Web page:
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Sonoma County Gazette

Neighbor to Neighbor: Do We Have a Housing Crisis or a Government Change Conundrum?

Oct 16, 2018
by Angela Conte


Our local government, if it wants to show it’s working for people, it needs to start with making a real impact on our most dire social issue and that is housing by taking it out of the hands of commercial developers, landlords, and real estate investors and making it affordable to everyone.

This can happen if we’re allowed to become the developers of our own housing, our own landlords, our own real estate investors, and creators of our own communities where the cost of living is lowered, and quality of life is higher.

The only way this can happen is if local officials 1) eliminate regulations and requirements that stand in the way; 2) make it a priority of their administrations to develop alternative affordable housing; 3) and not just work to meet the needs of business interests. What better legacy could any newly elected politician want than to meet the dire needs of the people who elect them?

How Do We Do It?

The absolute most efficient way to develop affordable housing is by a collective of regular people purchasing the land, sharing the infrastructure development costs, and the costs of housing construction, and the cost of ongoing maintenance together.

Even better is to use prefabricated factory-built parts, buy in bulk, and use recycled materials whenever possible. Add to this community shared solar systems, grey-water reuse, geothermal HVAC, and integrated permaculture practices that produces fresh garden food, fruit trees, and shade trees that improve air quality and alter climate change while improving health and happiness. Developers aren’t focused on these types of community benefit because they don’t make them money.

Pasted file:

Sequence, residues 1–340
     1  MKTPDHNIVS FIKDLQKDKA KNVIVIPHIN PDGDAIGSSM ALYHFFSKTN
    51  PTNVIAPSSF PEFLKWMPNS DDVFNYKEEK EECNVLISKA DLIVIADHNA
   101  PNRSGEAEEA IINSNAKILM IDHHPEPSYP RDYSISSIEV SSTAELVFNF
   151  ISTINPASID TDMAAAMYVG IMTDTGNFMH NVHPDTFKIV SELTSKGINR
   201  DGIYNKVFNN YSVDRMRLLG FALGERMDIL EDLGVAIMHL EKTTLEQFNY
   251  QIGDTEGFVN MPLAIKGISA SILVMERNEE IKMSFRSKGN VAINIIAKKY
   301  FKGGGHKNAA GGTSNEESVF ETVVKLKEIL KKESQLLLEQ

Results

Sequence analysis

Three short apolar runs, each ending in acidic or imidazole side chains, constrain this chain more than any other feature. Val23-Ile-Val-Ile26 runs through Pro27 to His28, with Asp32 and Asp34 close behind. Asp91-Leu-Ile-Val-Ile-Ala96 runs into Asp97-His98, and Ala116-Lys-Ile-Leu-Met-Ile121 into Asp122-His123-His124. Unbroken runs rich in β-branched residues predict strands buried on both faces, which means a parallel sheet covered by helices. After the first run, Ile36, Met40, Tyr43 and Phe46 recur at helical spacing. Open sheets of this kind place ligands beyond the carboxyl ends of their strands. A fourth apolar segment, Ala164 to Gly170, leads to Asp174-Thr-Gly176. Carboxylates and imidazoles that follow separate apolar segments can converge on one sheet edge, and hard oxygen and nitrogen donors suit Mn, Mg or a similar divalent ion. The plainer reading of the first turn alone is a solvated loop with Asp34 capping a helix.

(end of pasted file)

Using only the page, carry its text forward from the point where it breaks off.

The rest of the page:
So, instead of paying high developer fees - which is 30% or more of a new home’s cost - their fee goes into developing intentional communities designed and built by the people who will live in them. The high initial installation costs of the green technology are shared, and their ongoing net zero costs offer returns on investment faster while maintaining decades of energy saving.

When you eliminate the middleman developer and share development costs with multiple households you create housing ownership affordability, economic stability, and beautiful natural communities where people work together and take care of each other.

People can spend time connecting with their environment, working in their gardens, sharing food and meals together, and socializing with others all of which have been proven by research to reduce health costs and improve longevity. Quality of life goes up while the cost of living goes down. What could be better than this?

So WHY aren’t more Intentional Communities being Developed?

Intentional communities are happening, but they are the anomaly and not the norm. They take time and patients to coordinate and have a steep learning curve, and most people today are too busy making a living to have time to even think about creating their own communities. Plus, the reality of community building can be full of consensus drama.

No, it’s not easy but today more than ever there are online resources available to expedite the group development process and there are many retired Baby-Boomers who have the time to do the bootstrapping of these types of projects but what would be really great would be the support of public services to make them easier to develop with changes in policy and regulations to support zoning and permitting accommodations, along with city and county department advisory services, and maybe even financial incentives given how much benefit they bring to people’s lives and reduction in city and county costs for health care, crime, social services, and unemployment.

This isn’t a miracle cure for our housing crisis but it’s an alternative that needs more focus and support from the powers that be if we want to find solutions that will have a real impact on our quality of life for years to come.


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